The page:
First of all I might point out that the famous dictum of "form follows function" itself has never been used by the Bauhaus movement, but must be credited to the US architect Louis Sullivan in 1896. However, it is clear that the Bauhaus movement, like all other modernist design movements, closely followed the philosophy behind the dictum. There is a very good article accessible online:
But back to the watch: I agree with you that the specific case design can easily be justified by the dogma "form follows function", but in my humble opinion, this dogma has been fully forgotten when the dial was designed. What is the function of a sports watch? To be very solid, and to offer a display of the time that is easily and quickly legible under even adverse conditions. What is the function of a chronograph? To be used as a stop watch. What is the fucntion of a sports chronograph watch? To offer the functions of time display and stop watch reliably and easily legible under even adverse conditions.
While I am sure that nobody would dare to challenge that the watch(es) shown fully meet the former condition, since it will be difficult to find a more solid and shock-resistant mechanical watch (inhowfar this really offers a distinct advantage in practice, remains to be seen in the future), I personally doubt the fulfilment of the latter requirement:
Especially the Extreme chronograph makes it difficult to read the elapsed time at a single glance, since it is very likely that one will not find the stop second hand, among the confusing array of 24 hours hands (however, I admit, this problem seems to be much more present on the platinum version, while the steel version seems a bit better to my eyes). The minute counter's increments of two minutes is another problem. I think that many, if not most owners of watches with pointer calendars on a subdial will agree that it is very difficult to read the calendar at a quick glance. The numerical values all look the same, and it is not easy to quickly determine whether the hand is directly on a figure or between two figures. In the experience, chronograph minute counters with ten or fifteen minute increments (with small markers between) have proved reasonable, while still inferior to the rare system with a central 60 minutes counter hand. Why JLC now adopted the worst increment system, is beyond my understanding.
The hour counter solution with the rotating disc is very intriguing. However, also here, I think the presentation is not optimal. The figures printed onto the disc are too high, and at the same time to narrow, to be conformed to the disc diameter. This makes the individual figure appear abstract, strange, and disproportionate. The result is that the brain is not able to understand the number shown intuitively, but has to "study" the figure, in order to understand it. As an example from practical typography:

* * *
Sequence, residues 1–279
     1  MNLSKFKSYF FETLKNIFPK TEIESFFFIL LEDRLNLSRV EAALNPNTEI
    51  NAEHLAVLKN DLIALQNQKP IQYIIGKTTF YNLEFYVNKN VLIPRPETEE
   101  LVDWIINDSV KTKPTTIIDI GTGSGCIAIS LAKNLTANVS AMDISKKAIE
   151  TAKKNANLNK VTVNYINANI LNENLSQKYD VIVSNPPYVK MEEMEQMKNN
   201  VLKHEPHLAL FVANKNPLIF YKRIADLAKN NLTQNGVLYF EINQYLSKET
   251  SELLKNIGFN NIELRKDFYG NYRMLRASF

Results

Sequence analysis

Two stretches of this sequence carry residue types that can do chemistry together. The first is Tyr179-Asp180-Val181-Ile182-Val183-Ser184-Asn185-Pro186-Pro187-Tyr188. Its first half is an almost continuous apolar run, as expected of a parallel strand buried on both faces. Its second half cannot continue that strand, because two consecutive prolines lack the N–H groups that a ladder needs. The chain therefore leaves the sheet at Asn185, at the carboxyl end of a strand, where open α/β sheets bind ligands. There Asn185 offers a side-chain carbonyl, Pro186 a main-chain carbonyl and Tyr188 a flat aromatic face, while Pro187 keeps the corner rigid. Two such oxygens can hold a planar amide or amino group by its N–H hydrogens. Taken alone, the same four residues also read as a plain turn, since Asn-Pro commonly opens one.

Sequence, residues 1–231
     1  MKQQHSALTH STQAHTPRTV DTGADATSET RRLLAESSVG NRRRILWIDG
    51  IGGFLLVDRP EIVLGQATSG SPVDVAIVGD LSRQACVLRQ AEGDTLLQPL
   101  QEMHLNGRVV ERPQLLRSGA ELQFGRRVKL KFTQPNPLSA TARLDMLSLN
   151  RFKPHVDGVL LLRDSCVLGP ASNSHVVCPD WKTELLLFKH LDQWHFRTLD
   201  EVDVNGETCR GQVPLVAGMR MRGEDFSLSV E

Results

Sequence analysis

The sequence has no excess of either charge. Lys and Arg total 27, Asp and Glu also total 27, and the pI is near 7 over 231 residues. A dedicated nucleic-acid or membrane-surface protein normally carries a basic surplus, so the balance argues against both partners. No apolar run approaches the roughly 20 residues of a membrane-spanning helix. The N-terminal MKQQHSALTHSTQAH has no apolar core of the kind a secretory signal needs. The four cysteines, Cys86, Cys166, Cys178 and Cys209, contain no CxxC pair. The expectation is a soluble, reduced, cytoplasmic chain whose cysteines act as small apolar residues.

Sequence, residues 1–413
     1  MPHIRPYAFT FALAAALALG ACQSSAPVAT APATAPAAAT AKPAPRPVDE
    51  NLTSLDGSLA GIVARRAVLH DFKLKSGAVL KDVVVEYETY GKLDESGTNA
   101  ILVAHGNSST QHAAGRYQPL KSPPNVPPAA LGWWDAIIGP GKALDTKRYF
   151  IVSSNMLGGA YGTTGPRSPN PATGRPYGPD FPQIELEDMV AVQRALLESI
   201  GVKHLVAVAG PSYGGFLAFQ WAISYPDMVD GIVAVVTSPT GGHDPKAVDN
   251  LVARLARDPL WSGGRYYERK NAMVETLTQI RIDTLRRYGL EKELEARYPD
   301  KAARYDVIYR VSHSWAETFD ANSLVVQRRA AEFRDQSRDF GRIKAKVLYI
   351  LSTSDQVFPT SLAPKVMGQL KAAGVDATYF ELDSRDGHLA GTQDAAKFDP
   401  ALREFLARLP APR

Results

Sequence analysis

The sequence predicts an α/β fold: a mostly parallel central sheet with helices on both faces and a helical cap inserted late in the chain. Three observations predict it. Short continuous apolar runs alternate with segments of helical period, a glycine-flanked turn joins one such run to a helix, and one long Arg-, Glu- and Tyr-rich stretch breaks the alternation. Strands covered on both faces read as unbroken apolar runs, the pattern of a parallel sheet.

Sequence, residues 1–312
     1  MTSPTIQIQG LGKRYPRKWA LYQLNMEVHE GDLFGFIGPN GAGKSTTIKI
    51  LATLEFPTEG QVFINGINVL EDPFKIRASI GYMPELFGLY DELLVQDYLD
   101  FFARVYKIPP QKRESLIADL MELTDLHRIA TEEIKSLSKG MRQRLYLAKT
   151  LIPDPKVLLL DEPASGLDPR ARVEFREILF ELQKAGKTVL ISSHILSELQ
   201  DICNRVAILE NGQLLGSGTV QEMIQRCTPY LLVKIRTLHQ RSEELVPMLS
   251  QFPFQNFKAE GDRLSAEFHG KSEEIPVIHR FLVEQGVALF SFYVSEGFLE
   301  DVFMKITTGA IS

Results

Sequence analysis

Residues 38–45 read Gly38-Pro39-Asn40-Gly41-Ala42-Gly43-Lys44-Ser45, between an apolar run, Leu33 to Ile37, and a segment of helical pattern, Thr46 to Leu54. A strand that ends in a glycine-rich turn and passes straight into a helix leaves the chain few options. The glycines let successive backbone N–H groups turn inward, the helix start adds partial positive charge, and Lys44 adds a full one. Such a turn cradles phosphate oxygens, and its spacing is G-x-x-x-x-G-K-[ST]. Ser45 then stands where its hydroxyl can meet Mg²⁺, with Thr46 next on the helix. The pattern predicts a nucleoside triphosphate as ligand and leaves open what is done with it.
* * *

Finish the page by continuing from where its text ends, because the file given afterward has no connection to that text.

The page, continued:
The same happens with the numeral display of the hour counter disc: the figures are difficult to read at a glance, and additionally, the small radius above the pointer's arrowhead makes possible only small steps between the figures, which again results in a problem to see whether the pointer shows eleven hours elapsed, or eleven and a half.
Finally: There are too man white spots dispersed on the dial of the Extreme chronograph: The white date window between four and five, and the flashy small second disc distract from the hour and minute hands, which - in comparison - are a lot less conspicuous.
Please note that my critical remarks mainly are directed against the Extreme chronograph, while I think the Compressor Chronograph to be a bit better, at least by lacking the confusing 24 hours hands, and the white date window being located in the place of the hourmarker at six. And by no means would I dispute these two to be highly attractive watches, which they are. I like both of them. What I am disputing, however, is that the design of their primary machine-human interface, the dial, can be interpreted as following the dictom of "form follows funtion".
With best regards,